My Life As a College Student
Making the Transition
When in the course of human events, it becomes necessary for one student to dissolve the bonds which have held him to his high school life, he can get fairly intimidated. Making the transition from high school to college can be a tough one. I remember my experience in such a transition vividly, as it was only a short time ago.
Growing up in a family in which both my parents had master's degrees, it was naturally expected that I would go to college, and for both my own benefit as well as pleasing my parents, I chose to pursue so-called "higher education". Stepping up to this "higher" plateau is no small matter, however.
You Can Pick Your Friends
A typical junior or senior in high school is faced with a dizzying array of choices in choosing a college. Questions such as "How much is tuition." "Is there housing on campus," and "What standardized tests do they accept." are all valid and relevant. Fortunately, asking these types of questions often narrows a broad swath of potential colleges down to a small few. With that in mind, I chose a university that seemed to suit my needs, and I applied. Since I was accepted, I did't need to apply anywhere else. I was all set for the "college experience", life at the big U. Or so I thought.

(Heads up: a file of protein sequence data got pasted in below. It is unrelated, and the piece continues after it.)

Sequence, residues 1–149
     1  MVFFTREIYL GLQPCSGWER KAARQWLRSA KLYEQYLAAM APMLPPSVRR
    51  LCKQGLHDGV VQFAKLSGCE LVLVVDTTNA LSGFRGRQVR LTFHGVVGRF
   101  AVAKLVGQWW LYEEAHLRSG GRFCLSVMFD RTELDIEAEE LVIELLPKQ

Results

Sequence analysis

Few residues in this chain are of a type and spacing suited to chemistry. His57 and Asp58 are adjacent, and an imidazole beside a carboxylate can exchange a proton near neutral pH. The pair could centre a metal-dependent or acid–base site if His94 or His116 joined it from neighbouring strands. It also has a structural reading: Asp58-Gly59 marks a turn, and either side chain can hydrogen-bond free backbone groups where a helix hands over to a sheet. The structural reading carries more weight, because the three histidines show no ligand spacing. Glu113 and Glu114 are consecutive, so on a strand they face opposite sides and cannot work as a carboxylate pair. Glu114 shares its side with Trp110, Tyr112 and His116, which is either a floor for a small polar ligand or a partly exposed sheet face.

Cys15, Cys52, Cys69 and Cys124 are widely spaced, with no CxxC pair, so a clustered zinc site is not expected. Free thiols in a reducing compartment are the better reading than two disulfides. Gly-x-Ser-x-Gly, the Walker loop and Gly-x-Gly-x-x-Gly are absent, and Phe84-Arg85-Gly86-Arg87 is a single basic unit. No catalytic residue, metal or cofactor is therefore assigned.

What followed was the veritable obstacle course of bureaucratic red tape. My mailbox was almost bursting with forms, applications, packets, and all manner of reading to delve through before the start of classes. How silly could I have been to think that I was finally done with summer reading? After much deliberation (and some help from my parents), I had applied for housing, found my roommates, and registered for orientation.
Arriving on Campus ...
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...new classes, I soon realized what would be the biggest challenge of college: deciding on a major. Yes, I am one of those people who started college without first declaring a major. I soon heard every question, suggestion, and response regarding possible options. I even began concocting false majors to throw some people off. Large-Scale Demolition was a crowd favorite.
Running the Race
The college life certainly has its share of fears, cheers, and jeers, but it really can be a worthwhile endeavor. The most important task is to find the college niche, that little place that just feels right, and not just the first time. Once I found clubs, organizations, jobs, and social circles in which I felt like a valued participant, I really seemed to be at home, and that's not something I could have found just by being matched with good roommates or schmoozing at a toga party. Read Full Essay Click the button above to view the complete essay, speech, term paper, or research paper